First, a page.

Livestock Research for Rural Development 20 (11) 2008 Guide for preparation of papers LRRD News

Citation of this paper

Bamboo hutches as a replacement for wire mesh cages in rabbit production in Nigeria

O J Owen, E C Chukuigwe*, A O Amakiri and A O Aniebo 

Department of Animal Science

*Department of Agricultural Economics and Extension
Rivers State University of Science and Technology, P.M.B. 5080, Port Harcourt, Nigeria


A study was conducted to determine the potential of using locally made bamboo hutches in rabbit production. Twenty-four, two months-old Chinchilla rabbits were used in a Completely Randomized Design trial (CRD) that lasted for 84 days (12 weeks). The wire mesh cage used consisted of iron frame and wire mesh whilst locally made bamboo hutches (with wooden frame) represented local hutch.


Higher weight gains and better feed efficiency (P<0.05) were observed in rabbits placed in local hutches constructed of wooden and bamboo material. Higher mortalities, totaling 33.33%, were observed in rabbits housed in wire mesh cage. With respect to the cost of procuring the hutches, locally made bamboo hutch was superior over the wire mesh cages.

Key words: Iron frame, local hutch, potential, wooden frame


While human population growth in the developed countries is stabilizing that of developing countries is still increasing rapidly. Economic realities indicate that this population trend will continue, and that the additional mouths are to be fed by increases in agricultural output in the developing nations rather than through food imports into such countries (Allen 1993). Consequently, in order to maximize food production in developing countries, all viable options must be explored and evaluated (Chukuigwe et al 2008; Owen et al 2008). Among such alternatives is the use of livestock species that are yet to play a major role in animal agriculture within these countries especially in Africa. Small but fast-growing livestock such as rabbits possess a number of characteristics that might be of advantage in the small holder subsistence – type integrated farming in developing countries.


Apart from their well reputed prolificacy, rabbits have several other advantages over many farm animals (Ibeawuchi and Fajuyitan 1986; Aduku and Olukosi 1990; Fielding 1991; Berepubo and Baa 1994; Owen et al 2008). Genetic and environmental factors have been identified to contribute to effective performance and survival of livestock species (Preston and Willis 1988; Berepubo et al 1995). This study was therefore conducted to evaluate the potentials of rabbit production using locally made bamboo hutches in Nigeria.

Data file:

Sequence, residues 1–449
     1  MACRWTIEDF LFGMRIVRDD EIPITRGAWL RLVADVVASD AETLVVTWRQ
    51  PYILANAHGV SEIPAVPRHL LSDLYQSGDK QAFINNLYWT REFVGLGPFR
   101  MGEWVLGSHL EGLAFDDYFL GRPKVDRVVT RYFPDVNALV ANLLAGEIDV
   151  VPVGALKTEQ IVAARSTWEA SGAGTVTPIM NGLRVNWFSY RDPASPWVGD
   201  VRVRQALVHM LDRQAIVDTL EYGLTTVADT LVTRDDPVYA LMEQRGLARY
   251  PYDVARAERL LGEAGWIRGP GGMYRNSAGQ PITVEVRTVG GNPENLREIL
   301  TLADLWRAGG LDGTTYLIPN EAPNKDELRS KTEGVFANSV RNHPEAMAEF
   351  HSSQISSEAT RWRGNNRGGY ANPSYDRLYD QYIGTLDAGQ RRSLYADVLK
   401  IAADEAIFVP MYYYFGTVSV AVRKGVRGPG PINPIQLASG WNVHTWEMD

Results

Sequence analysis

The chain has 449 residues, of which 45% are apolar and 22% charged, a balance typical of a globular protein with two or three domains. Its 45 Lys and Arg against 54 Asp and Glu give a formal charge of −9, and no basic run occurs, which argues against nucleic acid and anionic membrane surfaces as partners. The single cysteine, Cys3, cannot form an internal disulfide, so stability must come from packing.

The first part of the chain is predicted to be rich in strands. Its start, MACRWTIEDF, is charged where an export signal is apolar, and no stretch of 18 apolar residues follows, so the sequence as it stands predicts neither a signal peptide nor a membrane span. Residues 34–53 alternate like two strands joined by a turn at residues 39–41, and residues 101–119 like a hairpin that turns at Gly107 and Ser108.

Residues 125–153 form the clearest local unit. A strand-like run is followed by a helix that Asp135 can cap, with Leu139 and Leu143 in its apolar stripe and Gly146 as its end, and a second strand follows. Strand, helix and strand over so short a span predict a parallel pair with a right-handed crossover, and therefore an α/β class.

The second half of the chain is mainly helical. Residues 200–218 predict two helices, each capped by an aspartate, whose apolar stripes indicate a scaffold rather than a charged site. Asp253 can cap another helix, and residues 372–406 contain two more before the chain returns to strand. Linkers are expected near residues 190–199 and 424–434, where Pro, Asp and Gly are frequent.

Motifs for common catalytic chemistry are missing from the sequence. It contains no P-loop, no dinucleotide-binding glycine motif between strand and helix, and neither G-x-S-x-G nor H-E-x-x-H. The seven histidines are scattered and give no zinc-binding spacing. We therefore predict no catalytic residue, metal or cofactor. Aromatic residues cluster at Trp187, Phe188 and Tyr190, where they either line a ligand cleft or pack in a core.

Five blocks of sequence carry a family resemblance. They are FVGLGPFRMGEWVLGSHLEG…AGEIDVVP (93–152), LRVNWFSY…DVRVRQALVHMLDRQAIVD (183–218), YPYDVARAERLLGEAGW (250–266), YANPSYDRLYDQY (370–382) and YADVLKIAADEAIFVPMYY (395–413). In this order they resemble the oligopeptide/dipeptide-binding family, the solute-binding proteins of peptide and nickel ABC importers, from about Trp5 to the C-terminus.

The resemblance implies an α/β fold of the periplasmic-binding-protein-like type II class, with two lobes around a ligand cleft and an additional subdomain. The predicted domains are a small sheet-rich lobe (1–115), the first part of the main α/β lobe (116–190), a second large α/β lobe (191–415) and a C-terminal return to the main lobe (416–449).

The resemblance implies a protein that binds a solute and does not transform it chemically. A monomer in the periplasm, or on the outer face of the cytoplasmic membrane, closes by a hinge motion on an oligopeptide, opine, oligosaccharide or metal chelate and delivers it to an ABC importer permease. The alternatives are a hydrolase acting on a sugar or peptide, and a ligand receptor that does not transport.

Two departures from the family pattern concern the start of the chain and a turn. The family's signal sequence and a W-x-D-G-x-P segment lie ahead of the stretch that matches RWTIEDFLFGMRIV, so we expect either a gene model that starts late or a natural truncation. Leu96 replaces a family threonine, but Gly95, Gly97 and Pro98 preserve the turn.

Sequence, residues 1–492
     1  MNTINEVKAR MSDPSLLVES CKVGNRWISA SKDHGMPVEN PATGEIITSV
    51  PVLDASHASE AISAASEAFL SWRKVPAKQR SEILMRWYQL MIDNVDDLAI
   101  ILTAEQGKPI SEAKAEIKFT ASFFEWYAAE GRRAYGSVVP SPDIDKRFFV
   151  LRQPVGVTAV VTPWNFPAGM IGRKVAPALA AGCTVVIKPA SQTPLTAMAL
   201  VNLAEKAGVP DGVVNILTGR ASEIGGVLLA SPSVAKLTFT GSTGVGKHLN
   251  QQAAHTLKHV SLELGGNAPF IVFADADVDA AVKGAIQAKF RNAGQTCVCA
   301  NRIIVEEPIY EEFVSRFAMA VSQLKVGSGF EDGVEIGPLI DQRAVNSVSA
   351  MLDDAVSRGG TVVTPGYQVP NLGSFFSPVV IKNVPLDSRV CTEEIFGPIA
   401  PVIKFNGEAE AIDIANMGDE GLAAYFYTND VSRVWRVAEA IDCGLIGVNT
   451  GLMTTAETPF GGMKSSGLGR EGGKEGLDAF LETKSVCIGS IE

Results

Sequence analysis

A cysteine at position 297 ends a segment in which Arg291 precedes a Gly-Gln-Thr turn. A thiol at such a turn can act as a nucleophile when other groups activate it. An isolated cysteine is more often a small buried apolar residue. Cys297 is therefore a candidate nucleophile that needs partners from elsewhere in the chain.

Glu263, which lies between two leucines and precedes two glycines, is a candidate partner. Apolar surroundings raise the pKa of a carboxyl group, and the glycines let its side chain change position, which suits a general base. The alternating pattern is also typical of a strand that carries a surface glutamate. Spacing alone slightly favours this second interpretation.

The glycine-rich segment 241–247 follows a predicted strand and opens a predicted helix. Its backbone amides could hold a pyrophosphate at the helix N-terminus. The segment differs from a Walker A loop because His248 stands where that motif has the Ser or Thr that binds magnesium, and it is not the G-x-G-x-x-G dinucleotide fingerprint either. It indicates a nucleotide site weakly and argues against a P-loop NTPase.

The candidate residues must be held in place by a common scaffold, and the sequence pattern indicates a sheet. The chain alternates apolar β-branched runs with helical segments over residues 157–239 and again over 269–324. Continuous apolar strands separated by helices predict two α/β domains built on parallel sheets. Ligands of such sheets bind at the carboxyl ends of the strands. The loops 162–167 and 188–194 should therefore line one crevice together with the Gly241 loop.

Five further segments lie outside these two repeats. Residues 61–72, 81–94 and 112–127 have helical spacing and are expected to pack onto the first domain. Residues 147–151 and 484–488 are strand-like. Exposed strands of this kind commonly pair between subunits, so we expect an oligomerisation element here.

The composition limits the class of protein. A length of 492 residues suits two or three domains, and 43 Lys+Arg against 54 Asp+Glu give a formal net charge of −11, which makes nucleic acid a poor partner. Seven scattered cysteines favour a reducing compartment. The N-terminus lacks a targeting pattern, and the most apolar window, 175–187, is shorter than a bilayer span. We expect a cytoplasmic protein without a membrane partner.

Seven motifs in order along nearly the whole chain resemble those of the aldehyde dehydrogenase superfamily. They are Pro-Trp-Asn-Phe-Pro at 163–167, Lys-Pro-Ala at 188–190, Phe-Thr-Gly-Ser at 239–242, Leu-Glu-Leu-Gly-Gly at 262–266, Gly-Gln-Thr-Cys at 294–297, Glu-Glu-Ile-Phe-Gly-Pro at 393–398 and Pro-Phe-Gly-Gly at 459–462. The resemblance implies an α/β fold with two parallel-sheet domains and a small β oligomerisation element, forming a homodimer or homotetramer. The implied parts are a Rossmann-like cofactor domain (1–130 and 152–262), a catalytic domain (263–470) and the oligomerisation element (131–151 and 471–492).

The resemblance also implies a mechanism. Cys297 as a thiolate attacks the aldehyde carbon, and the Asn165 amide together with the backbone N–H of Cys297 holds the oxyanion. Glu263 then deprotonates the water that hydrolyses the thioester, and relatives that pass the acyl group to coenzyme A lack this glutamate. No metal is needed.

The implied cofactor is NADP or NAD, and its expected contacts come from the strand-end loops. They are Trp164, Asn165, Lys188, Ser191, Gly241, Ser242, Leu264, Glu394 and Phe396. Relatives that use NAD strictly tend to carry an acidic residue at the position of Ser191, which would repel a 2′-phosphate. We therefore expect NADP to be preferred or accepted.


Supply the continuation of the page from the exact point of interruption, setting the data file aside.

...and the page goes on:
Materials and methods 

Environment of the study


The study was undertaken in Port Harcourt, a port city located in the Southern tip of Nigeria. The location is within the typical tropical rain forest belt with a warm and humid climate. The environmental temperature range during the study was 23-32oC; mean precipitation and relative humidity were 3150mm and 78% respectively. The study was carried out from Feb – May which is midway between the dry and wet seasons.


Animals and treatments


Twenty-four, two month-old weaned rabbits of Chinchilla breed were used in the study. The animals which had an initial weight range of 870 – 880g were randomly assigned to two treatment groups of twelve animals in each group. There were two animals per replicate (and six replicates for each treatment) in a Completely Randomized Design trial (CRD).


The treatments consisted of two types of cages; the wire mesh (conventional hutch) and the locally made bamboo hutches which served as the control (Photos 1 and 2). These hutches were housed in a building with concrete floor designed to allow ventilation (half wall and the rest was covered with wire mesh).

Photo 1. Wire cage for rabbits  


Photo 2. Cage made from bamboo

Experimental procedure


Regular washing and disinfection of feeding/drinking troughs were done to maintain optimal sanitation. The forages used in this study consisted of grass (Panicum maximum) and legumes (Centrosema pubescens) and (Pueraria phaseoloides). Feed and water were provided ad-libitum. The wire mesh cage consisted of iron frame and wire mesh whilst locally made bamboo hutches (with wooden frame) represented local hutch. All housing patterns provided facilities for voiding faeces and urine.